You know the situation. You're five dates deep and sure, they’ve been fun, but there is that gnawing feeling in the pit of your stomach. Despite the fact that he’s everything a woman could ask for, and the high possibility that your mom, friends, and coworkers think he’s “just perfect” for you, you disagree and are looking for the exit. Fast. Or at least, before things get serious.
The excuse "It’s not you, it’s me" is so tired and cliché. Well, actually, maybe it is him. But how do you tell him that when he has been so perfect?
There are many ways to deal with this; you could proactively call and tell him while it’s been fun and flattering and an honor to get to know you, this won’t be going further. You could decline his next date. Or you could just ignore him.
Many women opt for the last of the three choices. Nobody likes to hurt someone's feelings and how can a man be hurt if you mysteriously drop off the face of the earth? Sure, it's an unfortunate circumstance and he will mourn your sudden passing, but at least he won't feel rejected, right? The trouble is, men usually see it for what it is: a disappearing act.
The disappearing act is something that is shared and loved by men and women alike, it seems. You or someone you know has probably experienced it. Guy likes girl; girl entertains the idea of guy; girl decides she doesn’t like the guy and then…POOF she is gone. Or vice versa.
While the intention is to avoid hurting a nice guy, in the end it can often do more harm than good. How many women wish that a man would be clearer about his disinterest so she can move on and stop expectantly glancing at her phone? If women hate guessing what men are thinking or wondering when he will call next, you can be sure that our male counterparts also don't appreciate it.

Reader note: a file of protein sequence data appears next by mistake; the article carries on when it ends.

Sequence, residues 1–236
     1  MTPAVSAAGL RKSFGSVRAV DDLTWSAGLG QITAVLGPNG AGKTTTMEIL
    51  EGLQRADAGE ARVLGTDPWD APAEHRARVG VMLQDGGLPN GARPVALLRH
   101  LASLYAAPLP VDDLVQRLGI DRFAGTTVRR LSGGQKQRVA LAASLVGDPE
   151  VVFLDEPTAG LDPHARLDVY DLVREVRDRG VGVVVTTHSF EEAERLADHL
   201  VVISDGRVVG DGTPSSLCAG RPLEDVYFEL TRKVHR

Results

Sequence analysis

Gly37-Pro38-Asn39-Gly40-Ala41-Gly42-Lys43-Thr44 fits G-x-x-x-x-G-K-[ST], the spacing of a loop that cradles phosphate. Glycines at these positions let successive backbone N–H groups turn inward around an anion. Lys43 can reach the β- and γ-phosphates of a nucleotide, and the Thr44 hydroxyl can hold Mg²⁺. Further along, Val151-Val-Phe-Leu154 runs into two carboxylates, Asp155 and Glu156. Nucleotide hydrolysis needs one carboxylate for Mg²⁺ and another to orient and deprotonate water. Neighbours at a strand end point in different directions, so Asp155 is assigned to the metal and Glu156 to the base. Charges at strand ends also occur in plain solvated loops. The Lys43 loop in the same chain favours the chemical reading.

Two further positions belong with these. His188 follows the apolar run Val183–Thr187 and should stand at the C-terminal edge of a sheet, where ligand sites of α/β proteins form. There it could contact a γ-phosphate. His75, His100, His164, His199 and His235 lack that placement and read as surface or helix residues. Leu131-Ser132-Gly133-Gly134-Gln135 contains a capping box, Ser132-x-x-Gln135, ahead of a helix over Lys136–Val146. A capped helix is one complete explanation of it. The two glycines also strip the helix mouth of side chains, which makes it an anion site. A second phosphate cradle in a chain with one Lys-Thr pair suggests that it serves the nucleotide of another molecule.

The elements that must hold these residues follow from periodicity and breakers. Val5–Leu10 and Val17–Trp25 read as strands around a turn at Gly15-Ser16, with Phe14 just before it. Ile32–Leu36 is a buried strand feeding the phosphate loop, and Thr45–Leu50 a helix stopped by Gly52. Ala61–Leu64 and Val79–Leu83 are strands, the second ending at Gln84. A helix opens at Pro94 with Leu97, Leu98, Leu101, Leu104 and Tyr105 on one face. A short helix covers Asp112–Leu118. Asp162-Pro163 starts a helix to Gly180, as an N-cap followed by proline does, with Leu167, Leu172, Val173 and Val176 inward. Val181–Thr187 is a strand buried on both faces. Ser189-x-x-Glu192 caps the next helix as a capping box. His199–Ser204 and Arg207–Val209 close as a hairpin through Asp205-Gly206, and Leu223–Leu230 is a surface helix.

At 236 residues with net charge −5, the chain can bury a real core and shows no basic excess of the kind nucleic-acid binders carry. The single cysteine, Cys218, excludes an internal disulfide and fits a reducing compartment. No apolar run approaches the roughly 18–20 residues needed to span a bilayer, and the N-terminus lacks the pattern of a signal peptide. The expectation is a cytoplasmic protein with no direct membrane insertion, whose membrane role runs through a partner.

It stands to reason that such a man might be a little hesitant about pursuing women, lest he find himself peering over the edge of the world, once again wondering where his date has gone. If we want to encourage more dating, shouldn’t we be more upfront about our expectations and decisions?
Some argue that women shouldn’t have to let the man know she’s “just not that into him.” The mere fact that she all of a sudden becomes “too busy” to ever go on a date should be indication enough.
But isn’t that a bit too passive – if not downright rude? I think we’d be doing each other a favor by being straightforward and clear. A simple “thank you so much for investing your time. It’s been great to get to know you. I’m just not interested in taking things further” should suffice.
Have you “disappeared” on anyone? Has anyone ever “disappeared” on you? Would you prefer to hear the truth, or does the disappearing act help you both “save face” and get on with it?
Photo via flickr user Gilderic Photography